By: Sara Culleton, MD, PhD
My 4th year of residency has started a bit differently: for the last several weeks, I have been on maternity leave! I’m grateful for the department’s flexibility and support in letting me take two months off, and making up clinical time afterward in the form of my choosing. For now, my days are spent at home with my baby girl, and with my husband and our almost four-year-old son when they’re not at work and preschool. Due to the pandemic, we’ve had very few friends visit, but we are lucky to have my mom nearby to help watch our son. We like walking around our neighborhood and spending time in our backyard, especially to catch fireflies during these summer evenings. I Zoom or Skype with out-of-state friends when I can, and I use my daughter’s naptime to knit (for her, of course!) and read… oh yes, and apply for my permanent medical license. Thankfully, I can use my annual book money from the program to reimburse the myriad fees incurred in this process.
I’ve also used my leave time to prep for the next step in my career: applying for fellowship in Consultation-Liaison Psychiatry. When I go back to work, I’ll be kicking off a year of rotations among the C-L teams. I’ll start with two months at University Hospital, then Eskenazi, then Methodist, and finally the VA, with electives in inpatient and outpatient Neurology in between. Most of this work will be in person, with proper PPE and social distancing as applicable. My Methodist months will include a proactive C-L month that I designed with my C-L mentors and the Methodist OB/GYN hospitalist, with the goal of gathering data and improving outcomes for patients with peripartum mood disorders. These experiences will prepare me for the clinical demands of C-L fellowship, as well as form a foundation for future research endeavors. As an MD/PhD graduate, I feel that C-L is the best subspecialty in Psychiatry for pursuing the physician-scientist career model!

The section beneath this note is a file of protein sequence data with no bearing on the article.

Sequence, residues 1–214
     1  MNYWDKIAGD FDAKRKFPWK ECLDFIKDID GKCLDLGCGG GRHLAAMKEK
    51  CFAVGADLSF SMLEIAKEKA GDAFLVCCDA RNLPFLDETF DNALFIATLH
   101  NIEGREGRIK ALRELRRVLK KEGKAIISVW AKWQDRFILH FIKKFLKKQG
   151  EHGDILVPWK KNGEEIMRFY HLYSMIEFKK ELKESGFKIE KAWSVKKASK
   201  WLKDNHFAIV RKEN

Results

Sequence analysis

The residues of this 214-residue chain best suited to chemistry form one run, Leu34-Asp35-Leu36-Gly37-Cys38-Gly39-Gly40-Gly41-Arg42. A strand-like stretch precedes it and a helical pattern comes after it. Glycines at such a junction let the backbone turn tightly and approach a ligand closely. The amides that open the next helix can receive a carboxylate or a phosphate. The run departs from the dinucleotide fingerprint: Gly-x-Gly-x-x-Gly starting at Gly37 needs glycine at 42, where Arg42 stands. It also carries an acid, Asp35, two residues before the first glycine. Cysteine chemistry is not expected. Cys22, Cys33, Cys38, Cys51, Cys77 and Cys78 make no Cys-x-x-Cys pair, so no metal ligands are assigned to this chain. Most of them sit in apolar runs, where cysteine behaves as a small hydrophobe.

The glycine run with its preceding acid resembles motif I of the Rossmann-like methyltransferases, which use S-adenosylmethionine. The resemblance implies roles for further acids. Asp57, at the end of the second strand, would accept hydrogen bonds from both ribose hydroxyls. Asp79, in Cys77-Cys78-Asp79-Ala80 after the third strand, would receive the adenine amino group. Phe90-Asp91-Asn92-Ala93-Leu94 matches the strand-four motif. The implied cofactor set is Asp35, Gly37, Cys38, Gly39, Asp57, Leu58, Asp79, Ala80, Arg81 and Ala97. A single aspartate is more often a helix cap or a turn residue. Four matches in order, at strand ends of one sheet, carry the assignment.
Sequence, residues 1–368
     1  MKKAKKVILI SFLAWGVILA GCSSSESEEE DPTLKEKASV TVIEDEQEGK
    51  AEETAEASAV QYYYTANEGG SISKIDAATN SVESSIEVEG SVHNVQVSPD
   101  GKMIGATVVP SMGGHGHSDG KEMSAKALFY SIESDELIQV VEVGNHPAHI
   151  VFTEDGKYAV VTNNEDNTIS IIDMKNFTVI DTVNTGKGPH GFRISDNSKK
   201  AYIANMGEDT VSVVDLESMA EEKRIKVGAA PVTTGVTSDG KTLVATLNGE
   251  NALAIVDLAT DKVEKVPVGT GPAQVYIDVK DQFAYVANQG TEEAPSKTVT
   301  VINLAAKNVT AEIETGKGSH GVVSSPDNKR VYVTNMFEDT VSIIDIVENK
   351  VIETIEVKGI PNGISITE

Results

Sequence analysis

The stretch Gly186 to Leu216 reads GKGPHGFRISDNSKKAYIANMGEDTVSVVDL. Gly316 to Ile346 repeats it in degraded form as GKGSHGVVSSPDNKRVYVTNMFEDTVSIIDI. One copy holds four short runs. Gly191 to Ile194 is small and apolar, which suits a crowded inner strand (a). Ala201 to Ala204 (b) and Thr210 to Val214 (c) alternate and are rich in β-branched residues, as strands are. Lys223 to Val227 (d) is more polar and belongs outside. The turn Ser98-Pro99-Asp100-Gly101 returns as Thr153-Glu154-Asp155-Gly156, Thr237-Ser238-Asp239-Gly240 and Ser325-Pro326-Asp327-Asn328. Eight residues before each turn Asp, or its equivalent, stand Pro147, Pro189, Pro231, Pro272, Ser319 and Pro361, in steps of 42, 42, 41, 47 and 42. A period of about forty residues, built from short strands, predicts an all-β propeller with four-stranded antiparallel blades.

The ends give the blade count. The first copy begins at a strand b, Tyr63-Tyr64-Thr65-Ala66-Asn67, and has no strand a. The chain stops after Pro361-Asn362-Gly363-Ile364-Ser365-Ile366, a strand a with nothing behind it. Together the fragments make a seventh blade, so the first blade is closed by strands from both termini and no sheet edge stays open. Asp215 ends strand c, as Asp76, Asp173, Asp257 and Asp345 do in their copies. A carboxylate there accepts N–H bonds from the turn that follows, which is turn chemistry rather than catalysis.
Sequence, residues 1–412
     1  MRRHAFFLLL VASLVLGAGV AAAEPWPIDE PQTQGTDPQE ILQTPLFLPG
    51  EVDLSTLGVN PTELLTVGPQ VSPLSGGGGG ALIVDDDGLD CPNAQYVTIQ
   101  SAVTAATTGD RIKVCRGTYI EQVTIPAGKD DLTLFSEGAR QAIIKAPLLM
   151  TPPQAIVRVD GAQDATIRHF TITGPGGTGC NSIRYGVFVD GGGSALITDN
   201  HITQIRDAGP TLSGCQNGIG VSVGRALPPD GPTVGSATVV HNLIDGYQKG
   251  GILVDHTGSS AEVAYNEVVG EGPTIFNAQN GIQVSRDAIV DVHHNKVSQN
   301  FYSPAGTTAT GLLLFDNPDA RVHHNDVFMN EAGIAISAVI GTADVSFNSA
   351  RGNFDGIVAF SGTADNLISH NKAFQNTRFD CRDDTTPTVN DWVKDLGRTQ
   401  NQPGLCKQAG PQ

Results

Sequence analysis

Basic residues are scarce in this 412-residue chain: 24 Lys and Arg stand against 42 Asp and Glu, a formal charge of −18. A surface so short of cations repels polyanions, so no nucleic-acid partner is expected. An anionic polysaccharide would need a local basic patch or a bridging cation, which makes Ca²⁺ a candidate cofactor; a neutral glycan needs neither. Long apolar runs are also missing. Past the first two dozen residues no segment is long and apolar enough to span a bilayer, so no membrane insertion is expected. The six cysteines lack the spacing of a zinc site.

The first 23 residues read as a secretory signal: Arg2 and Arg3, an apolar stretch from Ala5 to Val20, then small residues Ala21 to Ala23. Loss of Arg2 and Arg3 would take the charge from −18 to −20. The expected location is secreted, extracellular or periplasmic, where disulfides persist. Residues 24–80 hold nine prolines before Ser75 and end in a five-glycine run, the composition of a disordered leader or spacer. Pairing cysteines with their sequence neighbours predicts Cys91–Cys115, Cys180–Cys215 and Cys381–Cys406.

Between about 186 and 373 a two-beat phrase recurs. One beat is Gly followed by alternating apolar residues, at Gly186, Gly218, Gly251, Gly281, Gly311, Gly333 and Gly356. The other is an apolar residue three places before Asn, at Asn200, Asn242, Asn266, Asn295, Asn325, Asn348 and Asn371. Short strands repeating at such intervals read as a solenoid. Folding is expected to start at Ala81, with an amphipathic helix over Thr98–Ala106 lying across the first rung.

In addition to the core C-L rotations, I will spend time seeing a patient for psychodynamic psychotherapy either in person or on Zoom, and I will have a half-day each week set aside for my current research project: a case report on a patient with catatonia due to familial behavioral-variant frontotemporal dementia. I enjoy educating students and residents, so I will participate in MS3 orientation for the Psychiatry clerkship throughout the year. I am also excited to take over the monthly delirium education lecture for SICU residents, which was created by IU Psychiatry’s first C-L fellow, Dr. Ben Cooley. For my own learning, I have joined a monthly Neuropsychiatric Journal Club hosted by Dr. Paula Trzepacz. The rest of my time will be devoted to general and C-L-specific didactics. (All of these educational endeavors are, of course, virtual.)
The fourth year of residency is much like the fourth year of any course of higher learning: a time to consolidate all the knowledge gained in the first three years, prepare for one’s next steps, and – even in these heavy times we live in – make space for fun and self-care along the way. I don’t want to take anything about this year, personal or professional, for granted. Hopefully, by this time next year, my fellow PGY4s and I will be celebrating graduation together in person! Until then, I’ll be sticking close to my family, donning and doffing lots of PPE, and attending and arranging all sorts of Zoom meetings.